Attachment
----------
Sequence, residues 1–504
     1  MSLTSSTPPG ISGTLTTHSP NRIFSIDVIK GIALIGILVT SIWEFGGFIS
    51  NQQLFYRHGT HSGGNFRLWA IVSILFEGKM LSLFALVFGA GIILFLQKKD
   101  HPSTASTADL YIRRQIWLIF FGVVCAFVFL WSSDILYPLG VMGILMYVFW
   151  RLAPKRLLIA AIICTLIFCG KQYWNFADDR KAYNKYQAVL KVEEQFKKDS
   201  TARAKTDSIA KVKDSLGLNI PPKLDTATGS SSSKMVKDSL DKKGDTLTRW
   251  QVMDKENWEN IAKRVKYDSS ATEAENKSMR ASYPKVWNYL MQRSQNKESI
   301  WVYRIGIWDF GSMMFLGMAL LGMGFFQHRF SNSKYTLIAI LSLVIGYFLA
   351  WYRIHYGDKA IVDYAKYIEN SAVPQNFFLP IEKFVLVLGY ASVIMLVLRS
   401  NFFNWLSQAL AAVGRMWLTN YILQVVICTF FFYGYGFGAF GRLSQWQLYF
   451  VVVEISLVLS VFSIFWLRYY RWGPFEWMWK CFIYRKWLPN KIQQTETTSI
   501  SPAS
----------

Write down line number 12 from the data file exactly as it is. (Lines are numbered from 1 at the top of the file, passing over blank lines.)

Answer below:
   501  SPAS